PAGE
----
Richard Bell's Wild West Yorkshire nature diary, Monday, 3rd September, 2007
OVER THE WEEKEND I’ve been thinking what would it be like if I allowed myself to go to some place I’ve never visited before, to draw, but not to be in a hurry and to draw exactly what I would like to draw, not to feel obliged to go for the thing that I must draw.
Today I’ve got a chance to try that out because I’m here at Roche Abbey, near Maltby, South Yorkshire, with my artist friends John Welding and Helen Thomas on a pilgrimage-come-sketchcrawl.
As the name suggests, it was the rocks that drew the Cistercian monks to Roche. They sought out secluded places and this bend on Maltby Beck is like Fountains Abbey in miniature. I decide that I’d like to start with the rocks too and I spend the morning drawing this magnesian limestone cliff immediately to the north of the nave of the ruined abbey church. From some viewpoints you get the impression that the early Gothic abbey has grown from the rock. Even before the monks arrived a stone in the shape of a cross had attracted pilgrims here.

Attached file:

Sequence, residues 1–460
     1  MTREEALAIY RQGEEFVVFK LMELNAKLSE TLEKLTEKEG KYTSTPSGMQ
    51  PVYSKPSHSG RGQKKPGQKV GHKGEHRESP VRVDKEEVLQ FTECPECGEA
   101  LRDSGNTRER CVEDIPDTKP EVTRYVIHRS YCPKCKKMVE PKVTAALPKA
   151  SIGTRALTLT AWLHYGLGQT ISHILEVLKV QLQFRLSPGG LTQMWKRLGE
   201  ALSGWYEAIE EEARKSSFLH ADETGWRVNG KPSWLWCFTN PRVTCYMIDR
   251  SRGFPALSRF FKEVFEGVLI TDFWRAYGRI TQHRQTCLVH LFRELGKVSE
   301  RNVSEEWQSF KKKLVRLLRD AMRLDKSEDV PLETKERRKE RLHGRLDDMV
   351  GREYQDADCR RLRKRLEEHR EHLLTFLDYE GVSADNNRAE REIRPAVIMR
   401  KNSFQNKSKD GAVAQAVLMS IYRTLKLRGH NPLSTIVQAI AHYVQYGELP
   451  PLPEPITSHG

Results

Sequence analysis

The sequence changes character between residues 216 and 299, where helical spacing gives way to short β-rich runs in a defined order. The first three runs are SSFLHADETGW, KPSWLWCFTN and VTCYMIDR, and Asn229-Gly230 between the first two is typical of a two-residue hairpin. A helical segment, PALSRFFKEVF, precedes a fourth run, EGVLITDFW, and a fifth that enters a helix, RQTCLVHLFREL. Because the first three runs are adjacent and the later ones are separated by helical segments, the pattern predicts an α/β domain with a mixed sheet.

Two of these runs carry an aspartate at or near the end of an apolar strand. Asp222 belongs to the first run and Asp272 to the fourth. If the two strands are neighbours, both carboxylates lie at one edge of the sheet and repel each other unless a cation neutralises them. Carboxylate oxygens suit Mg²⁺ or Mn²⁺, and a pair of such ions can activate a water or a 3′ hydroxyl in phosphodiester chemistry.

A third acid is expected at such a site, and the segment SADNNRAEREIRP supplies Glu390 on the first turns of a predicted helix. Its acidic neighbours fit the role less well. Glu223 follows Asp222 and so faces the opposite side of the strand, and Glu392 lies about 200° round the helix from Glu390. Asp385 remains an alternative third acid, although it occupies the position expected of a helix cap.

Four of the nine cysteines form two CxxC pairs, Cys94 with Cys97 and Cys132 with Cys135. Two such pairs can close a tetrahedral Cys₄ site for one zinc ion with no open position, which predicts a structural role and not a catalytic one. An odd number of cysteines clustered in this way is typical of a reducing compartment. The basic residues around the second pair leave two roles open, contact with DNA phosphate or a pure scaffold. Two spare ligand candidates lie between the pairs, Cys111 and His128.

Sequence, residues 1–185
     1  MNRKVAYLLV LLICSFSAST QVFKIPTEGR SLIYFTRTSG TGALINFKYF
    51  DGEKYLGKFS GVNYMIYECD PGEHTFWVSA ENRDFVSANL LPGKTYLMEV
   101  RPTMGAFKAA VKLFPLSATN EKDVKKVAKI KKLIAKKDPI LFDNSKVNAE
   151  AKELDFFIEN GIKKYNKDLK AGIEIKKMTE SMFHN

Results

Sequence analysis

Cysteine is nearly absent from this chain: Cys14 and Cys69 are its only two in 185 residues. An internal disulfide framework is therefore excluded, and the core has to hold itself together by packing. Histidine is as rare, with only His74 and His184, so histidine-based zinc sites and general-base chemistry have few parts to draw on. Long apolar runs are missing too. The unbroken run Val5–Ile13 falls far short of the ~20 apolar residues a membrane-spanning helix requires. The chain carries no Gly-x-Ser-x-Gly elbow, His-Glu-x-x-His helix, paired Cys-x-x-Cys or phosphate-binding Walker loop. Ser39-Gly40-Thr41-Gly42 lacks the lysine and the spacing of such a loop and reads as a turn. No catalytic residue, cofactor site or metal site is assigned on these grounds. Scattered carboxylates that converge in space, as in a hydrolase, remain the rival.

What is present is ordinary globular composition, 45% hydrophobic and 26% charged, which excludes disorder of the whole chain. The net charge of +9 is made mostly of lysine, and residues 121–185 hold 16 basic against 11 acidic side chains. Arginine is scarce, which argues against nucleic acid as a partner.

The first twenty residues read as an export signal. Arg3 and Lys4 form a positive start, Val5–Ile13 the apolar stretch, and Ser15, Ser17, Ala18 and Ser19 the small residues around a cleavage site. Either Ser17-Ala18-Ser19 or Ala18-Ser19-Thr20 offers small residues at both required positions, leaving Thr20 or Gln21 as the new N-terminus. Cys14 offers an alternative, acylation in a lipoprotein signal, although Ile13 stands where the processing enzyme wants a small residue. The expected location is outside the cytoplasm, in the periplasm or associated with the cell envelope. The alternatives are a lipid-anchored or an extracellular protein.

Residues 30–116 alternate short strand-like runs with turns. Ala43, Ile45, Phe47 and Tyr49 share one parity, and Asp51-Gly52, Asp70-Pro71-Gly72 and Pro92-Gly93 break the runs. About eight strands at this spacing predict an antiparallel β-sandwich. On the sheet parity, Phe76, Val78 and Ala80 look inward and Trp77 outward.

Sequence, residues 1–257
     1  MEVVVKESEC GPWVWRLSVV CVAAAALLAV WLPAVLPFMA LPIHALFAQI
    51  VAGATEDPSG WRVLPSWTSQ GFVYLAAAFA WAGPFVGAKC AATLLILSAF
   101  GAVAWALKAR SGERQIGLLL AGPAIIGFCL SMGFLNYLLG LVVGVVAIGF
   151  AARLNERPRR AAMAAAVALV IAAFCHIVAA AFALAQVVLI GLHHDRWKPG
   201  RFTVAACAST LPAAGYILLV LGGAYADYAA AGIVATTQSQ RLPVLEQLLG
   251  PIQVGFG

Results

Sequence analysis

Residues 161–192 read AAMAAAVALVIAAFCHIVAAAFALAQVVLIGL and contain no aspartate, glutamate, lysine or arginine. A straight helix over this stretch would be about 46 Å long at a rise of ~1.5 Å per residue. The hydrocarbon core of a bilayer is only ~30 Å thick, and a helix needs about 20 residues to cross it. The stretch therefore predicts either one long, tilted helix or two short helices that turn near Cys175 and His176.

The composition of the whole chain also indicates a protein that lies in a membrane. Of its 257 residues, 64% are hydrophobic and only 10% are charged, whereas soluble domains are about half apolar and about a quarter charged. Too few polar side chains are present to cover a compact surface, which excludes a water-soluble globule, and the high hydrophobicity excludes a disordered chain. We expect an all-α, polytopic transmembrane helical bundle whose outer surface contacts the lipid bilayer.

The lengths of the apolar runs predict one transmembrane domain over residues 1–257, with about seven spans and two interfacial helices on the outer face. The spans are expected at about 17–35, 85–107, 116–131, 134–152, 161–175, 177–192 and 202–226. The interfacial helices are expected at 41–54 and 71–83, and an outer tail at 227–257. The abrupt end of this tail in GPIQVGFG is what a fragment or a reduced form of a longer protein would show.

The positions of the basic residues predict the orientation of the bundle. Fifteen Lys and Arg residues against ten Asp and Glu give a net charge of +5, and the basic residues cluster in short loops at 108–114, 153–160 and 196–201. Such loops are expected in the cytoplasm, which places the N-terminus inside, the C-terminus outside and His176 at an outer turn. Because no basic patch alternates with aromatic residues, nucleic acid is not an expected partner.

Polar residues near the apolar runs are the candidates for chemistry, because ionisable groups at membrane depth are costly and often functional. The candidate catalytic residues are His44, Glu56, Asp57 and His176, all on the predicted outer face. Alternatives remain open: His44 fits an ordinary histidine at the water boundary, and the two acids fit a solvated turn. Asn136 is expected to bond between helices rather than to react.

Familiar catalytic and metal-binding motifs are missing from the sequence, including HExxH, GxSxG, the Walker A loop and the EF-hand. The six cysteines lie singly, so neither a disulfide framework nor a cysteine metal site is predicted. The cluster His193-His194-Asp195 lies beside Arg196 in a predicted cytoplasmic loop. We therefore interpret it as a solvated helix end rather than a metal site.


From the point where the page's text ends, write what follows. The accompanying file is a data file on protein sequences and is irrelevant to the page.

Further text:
With Ruskin’s advice on clear line and the example of Hergé fresh in my mind I struggle to start the drawing in the top left-hand corner, feeling awkward about it. It’s not until I get to the blocky strata at the bottom of the drawing that I feel myself loosening up.
For simplicity I'm working in Rotring Art Pen with an extra fine sketch nib. As you can see from the detail of the carving (right), the problem I've got is that one drop of water can blot the drawing. I can soon get rid of the blot in Photoshop but it makes drawing an anxious process if a grey cloud drifts over.
I might move onto drawing in dip pen. We'll see.
The river was the other natural feature that brought the monks here. Amongst it practical uses was taking away waste; in Helen’s photograph (above, right), I’m sitting by the east wall of a building that has been identified as the latrines, which were built over the stream.
As I drew, I could hear a deep modulated rhythm in the background and, not thinking, I blotted it out as distant music:
‘ boomph, boomph . . brumph, brumph . . boomph, boomph . . brumm.’
It was the sound of water entering the beck through stone culverts, constructed in the 12th century.
Roche Abbey 3D models at Sheffield University's Cistercians in Yorkshire
Roche Abbey, English Heritage